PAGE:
COP26: Reflections from Glasgow
Ewan Reid, Managing Director
So, what does COP26 mean for coffee farmers? Bluntly, a move beyond a 1.5 Celsius increase will mean less coffee being grown during our lifetimes and in the short to medium term more uncertainty on supply – many would argue that we already seeing this.
Of course, that is the macro picture; every cup of coffee has a human story, the small-holder families, pickers and those in origin supply chains are arguably most exposed and least able to adapt to the climate crisis.
COP26 made some movement on climate adaptation funding for the Global South to catch up on the previous $100B annual commitment. However, it may take until COP27 before we see real delivery and importantly clarity on whether monies will be in the form of aid or as long-term loans potentially compounding debt positions further.
There was some criticism on inclusion however we were pleased to meet and inform discussions with Fairtrade producers and other stakeholders at COP. We had the opportunity to host at our roastery Sofia Nuñez Raudales from Solidaridad a leading development NGO working in Latin America. Sofia shared some of the positive work on payment for environmental services Solidaridad are developing that will be an important tool in climate justice going forward.
The Circular Economy It is difficult not to conclude that we missed an opportunity to close a circle on the banks of the Clyde at COP26. From the industrial revolution onwards, Glasgow was at the forefront of our arc of exploitation of carbon and other resources that continues to this day.
The hope was that this COP would deliver a true and just circular global economy that limited temperature change to 1.5 Celsius. This historic arc is at the crux of climate crisis inequality with 80% of global CO2 emissions coming from just 20 countries and a carbon debt legacy running back to the industrial revolution.
This inequality was highlighted starkly when Simon Kofe, Tuvalu Foreign Minister stood in the Pacific and implored to COP "We cannot wait for speeches when the sea is rising around us all the time".
The frustration was palpable as for decades now we have understood our environmental impact; it is nearly 30-years since the 1992 Rio Earth Summit brought this to the fore and only now are we moving to partial commitments on fossil fuels. Indeed, following COP26 just 65% of global GDP economic activity is signed up to the 1.5 Celsius limit. However, there is positive news, methane is even more potent as a greenhouse gas than carbon dioxide so a global agreement to tackle this was a much-welcomed outcome.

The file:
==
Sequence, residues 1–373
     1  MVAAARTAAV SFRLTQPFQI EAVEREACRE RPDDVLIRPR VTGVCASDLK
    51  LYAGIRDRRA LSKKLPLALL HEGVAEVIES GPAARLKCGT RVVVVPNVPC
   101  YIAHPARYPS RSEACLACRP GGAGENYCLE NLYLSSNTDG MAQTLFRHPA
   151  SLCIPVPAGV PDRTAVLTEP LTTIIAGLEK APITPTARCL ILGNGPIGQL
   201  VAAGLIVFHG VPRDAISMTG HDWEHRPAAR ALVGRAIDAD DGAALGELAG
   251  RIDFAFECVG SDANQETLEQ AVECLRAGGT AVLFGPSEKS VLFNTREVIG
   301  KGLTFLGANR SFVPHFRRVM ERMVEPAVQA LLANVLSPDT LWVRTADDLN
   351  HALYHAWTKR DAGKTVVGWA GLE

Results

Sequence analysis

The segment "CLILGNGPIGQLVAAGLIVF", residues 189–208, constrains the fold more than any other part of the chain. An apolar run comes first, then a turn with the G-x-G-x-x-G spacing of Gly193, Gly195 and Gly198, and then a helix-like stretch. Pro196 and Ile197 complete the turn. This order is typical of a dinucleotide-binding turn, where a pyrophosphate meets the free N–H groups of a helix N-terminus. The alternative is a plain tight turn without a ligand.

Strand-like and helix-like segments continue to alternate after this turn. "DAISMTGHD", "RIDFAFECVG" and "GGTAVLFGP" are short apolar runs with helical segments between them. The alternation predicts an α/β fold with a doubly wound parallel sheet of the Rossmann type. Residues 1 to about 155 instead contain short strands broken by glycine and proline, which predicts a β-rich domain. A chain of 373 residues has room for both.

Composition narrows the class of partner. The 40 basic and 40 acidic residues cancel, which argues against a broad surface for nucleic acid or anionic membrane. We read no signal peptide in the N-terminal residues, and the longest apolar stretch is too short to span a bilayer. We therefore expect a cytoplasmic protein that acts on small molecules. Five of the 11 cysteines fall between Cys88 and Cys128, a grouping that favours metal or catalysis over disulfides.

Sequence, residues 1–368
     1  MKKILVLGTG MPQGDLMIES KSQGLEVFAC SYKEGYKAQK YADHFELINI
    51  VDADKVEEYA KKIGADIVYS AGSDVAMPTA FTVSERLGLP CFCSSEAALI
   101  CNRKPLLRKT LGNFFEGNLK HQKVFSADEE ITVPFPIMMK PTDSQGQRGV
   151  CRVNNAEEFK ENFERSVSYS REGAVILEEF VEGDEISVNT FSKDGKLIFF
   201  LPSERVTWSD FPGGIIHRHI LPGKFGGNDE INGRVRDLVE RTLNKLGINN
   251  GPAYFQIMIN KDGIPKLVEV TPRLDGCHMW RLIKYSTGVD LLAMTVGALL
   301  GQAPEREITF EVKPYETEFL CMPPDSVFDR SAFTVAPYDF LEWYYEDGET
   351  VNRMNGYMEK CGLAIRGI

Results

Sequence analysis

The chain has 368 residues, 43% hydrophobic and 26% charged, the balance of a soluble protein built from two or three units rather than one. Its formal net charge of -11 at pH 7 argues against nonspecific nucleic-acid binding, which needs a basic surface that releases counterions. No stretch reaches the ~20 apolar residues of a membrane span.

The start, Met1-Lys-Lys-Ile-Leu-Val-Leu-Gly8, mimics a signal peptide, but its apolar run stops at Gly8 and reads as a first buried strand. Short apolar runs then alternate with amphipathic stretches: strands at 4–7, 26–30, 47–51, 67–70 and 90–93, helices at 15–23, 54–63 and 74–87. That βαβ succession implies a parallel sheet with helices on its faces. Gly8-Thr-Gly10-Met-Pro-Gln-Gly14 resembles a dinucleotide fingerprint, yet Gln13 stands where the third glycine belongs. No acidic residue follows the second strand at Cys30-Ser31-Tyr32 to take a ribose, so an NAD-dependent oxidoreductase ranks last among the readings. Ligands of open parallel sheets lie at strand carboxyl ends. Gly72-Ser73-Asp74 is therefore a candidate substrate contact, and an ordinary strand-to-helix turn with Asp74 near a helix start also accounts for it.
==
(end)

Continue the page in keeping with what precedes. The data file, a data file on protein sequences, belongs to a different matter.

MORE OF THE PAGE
Tentative positive steps were made on reparations for adaptation and mitigation obligations from the Global North and key carbon emitting nations have committed to bringing more concrete plans to COP27 in Egypt next year.
And for coffee consumption and the hospitality sector? Raising awareness - on the back of COP26 the November Ipsos Mori Index Issues UK poll placed climate at the top of concerns for consumers for the first time ever since its inclusion in 1988. It stands to reason that we expect climate to remain high on the agenda and for businesses in every sector to be judged on their climate actions going forward.
Packaging reduction, waste management, leveraging renewables and responsible sourcing are key levers for any hospitality business wanting to make a difference. We should be proud of what our sector has achieved though and engage with our customers and teams alike. Information to help with your action plan is readily available, a great starting point is the 5th Wave podcast series on action on the climate crisis in the roasting and hospitality sector.
Loyalty The voice of youth has grown louder in recent years, angry at the legacy future generations will inherit and lack of action. Vanessa Nakate, the 25-year-old Ugandan climate activist articulates this clearly for us all “Your actions matter. No action or voice is too small to make a difference.”, the 25-year-old Ugandan climate activist articulates this clearly for us all “Your actions matter. No action or voice is too small to make a difference.”
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Managing Director at Matthew Algie
Ewan joined Matthew Algie in 1993, having qualified as a food scientist. In the early days he helped lay the foundations of our sourcing and our approach to quality coffee. In 2002 Ewan joined the Board as Technical Director, overseeing quality assurance, green coffee supply chain, blend development and R&D. In 2018 he became Managing Director. During his career, in addition to working with many of our customers, Ewan has travelled extensively, sourcing coffee as a qualified Q-grader and working with producers in developing our joint partnerships. Over the years he has met hundreds of farmers and farming communities and has forged many vital trading relationships. With first-hand knowledge of the industry’s impact at source, Ewan has also helped build our ethical and sustainability credentials.